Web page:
Fitbit-style tags like the ones held by Zarina Sajoo will be attached to VGH surgery patient wristbands starting in November.
“I was a nurse for 40 years, but I was scared when I arrived for my surgery at VGH," says Zarina Sajoo.
“From the time I was in the pre-op area, there was no good way to get information to my daughter, who had dropped me off and went to park the car," she recalls. “I grew even more worried, but this time it was about my daughter: How was she going to know what was happening to me or where I was?"
With experience from both sides of the gurney, Zarina has contributed to the VGH OR Renewal Project as a member of the VCH Community Engagement Advisory Network (CEAN) since 2017.
More recently, she's provided input into a new technology solution — the first of its kind at VCH and unlike anything now in use in B.C. This leading-edge technology will take the guesswork out of waiting for families and the surgical patients they hold near and dear.
Caption: Screens in surgical waiting areas will provide regular patient updates making the surgical expereince less stressful for families.
Starting in November, all surgical patients at the VGH Phil and Jennie Gaglardi Surgical Centre will wear a hospital wristband with a Fitbit-like tag attached to it. This small piece of technology is part of an innovative real-time patient-tracking solution.
As patients begin their surgical journey, their wristbands will communicate with tracking technology and new screens in surgical family waiting rooms. Families will have real-time information to follow their loved one's progress from pre-op to post-op, minimizing the need for phone calls to staff about patient status.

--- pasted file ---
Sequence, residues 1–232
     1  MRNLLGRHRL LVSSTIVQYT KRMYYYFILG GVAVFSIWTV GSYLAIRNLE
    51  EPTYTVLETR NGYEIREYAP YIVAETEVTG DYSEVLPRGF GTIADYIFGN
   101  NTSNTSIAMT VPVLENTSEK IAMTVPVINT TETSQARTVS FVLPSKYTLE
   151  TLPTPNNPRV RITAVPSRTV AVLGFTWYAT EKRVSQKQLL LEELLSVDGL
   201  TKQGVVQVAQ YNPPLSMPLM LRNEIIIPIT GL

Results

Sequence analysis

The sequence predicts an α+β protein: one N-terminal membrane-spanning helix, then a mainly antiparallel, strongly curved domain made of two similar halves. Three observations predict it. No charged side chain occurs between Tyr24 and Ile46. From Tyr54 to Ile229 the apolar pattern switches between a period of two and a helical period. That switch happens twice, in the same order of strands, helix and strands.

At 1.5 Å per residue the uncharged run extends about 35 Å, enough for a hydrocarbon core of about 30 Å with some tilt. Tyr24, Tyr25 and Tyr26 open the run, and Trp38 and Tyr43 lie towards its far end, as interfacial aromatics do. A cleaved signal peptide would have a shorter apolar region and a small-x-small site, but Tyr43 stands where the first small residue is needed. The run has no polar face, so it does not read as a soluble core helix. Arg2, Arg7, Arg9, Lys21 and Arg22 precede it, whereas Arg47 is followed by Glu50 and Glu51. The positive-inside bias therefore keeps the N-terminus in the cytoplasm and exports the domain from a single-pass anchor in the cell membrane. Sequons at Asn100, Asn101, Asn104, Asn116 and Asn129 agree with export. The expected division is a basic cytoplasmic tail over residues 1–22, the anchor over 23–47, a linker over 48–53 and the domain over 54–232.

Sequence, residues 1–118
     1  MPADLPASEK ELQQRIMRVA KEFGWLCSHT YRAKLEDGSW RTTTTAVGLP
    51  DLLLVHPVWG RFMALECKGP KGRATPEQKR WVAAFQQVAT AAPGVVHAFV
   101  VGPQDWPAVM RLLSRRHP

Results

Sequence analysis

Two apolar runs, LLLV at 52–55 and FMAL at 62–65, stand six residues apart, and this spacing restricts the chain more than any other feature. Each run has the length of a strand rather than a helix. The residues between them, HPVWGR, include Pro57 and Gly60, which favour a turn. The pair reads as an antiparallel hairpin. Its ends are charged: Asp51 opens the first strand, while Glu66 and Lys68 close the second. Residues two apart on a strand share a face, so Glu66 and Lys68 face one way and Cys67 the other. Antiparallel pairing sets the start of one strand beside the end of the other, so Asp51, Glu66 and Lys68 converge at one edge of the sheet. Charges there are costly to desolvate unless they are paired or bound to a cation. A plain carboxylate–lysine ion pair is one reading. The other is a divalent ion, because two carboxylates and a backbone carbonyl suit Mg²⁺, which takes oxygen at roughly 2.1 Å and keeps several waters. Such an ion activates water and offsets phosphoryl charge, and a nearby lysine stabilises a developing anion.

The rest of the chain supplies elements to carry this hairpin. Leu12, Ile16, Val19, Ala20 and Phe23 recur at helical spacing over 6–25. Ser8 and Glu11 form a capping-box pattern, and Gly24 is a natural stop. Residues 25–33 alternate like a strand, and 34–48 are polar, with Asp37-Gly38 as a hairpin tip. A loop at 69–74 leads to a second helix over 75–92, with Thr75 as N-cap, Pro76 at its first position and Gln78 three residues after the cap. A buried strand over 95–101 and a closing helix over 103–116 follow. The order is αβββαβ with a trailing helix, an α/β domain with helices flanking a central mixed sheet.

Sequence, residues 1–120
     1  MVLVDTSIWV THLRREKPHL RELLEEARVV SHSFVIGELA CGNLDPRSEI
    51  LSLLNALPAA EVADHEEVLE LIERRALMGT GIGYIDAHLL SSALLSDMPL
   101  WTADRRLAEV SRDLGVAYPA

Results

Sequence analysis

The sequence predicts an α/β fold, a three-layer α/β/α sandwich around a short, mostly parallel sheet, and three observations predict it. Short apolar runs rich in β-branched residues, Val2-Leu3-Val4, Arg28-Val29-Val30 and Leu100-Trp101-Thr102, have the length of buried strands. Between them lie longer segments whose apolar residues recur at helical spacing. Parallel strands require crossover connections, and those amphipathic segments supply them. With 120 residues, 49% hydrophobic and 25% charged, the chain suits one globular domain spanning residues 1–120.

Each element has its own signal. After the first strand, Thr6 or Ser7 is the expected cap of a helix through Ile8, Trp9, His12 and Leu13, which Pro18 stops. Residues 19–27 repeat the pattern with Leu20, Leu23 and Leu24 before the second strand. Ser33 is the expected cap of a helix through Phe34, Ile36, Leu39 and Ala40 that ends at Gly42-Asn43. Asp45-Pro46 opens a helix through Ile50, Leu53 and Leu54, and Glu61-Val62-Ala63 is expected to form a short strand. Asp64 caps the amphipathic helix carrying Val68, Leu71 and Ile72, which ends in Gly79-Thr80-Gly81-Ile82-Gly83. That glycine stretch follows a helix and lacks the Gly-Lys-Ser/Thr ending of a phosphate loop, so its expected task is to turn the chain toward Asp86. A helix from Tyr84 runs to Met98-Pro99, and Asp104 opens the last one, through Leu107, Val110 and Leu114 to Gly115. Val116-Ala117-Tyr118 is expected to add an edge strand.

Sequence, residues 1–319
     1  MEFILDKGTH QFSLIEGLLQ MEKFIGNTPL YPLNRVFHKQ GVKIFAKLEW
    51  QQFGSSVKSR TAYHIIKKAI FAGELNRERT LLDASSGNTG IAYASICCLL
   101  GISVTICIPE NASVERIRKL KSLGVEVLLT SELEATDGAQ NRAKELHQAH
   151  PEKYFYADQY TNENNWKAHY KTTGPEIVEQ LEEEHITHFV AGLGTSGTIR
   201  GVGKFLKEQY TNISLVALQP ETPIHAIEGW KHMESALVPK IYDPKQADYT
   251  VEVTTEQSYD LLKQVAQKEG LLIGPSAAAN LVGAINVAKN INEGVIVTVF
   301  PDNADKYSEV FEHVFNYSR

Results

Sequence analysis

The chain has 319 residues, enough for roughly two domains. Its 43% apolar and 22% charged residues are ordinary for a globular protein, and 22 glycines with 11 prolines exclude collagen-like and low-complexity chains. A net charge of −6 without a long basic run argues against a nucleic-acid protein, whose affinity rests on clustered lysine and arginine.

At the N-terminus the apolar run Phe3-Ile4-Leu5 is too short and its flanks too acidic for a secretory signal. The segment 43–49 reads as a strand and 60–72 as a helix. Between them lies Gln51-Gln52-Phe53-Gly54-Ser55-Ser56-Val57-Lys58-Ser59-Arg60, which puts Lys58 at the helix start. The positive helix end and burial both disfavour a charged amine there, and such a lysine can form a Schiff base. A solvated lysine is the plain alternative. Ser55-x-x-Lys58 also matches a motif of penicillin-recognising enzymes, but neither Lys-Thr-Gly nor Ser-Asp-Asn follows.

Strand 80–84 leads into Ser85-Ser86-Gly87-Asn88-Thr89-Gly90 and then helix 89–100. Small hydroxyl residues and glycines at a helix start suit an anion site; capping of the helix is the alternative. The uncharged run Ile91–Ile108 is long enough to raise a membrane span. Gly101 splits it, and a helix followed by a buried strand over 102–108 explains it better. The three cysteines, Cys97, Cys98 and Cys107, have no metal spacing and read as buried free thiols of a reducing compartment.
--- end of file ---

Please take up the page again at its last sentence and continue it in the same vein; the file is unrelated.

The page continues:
And, because only family will know a patient's unique identifier, screen displays will ensure patient privacy and security.
Screens in behind-the-scenes clinical areas with more detailed patient information will enable physicians, clinical and support staff to both track and report out on the status and location of patients to improve the flow of cases through the day.
Alerts and notifications about a patient's pre-surgery status will help to reduce delays in surgery starts, while notifications of surgery completions to Environmental Services will mean more timely cleaning and shorter turnaround times for operating rooms between surgeries.
“Better, more timely information on the day of surgery will ultimately benefit everyone involved," says Juanita Poelvoorde, IMITS project manager. “Patients and families will gain peace of mind and a better overall care experience, while our VGH perioperative team will be equipped for a smoother work day and a better overall work experience."
Watch for more news on this innovative technology when VGH begins to track surgical equipment in 2020.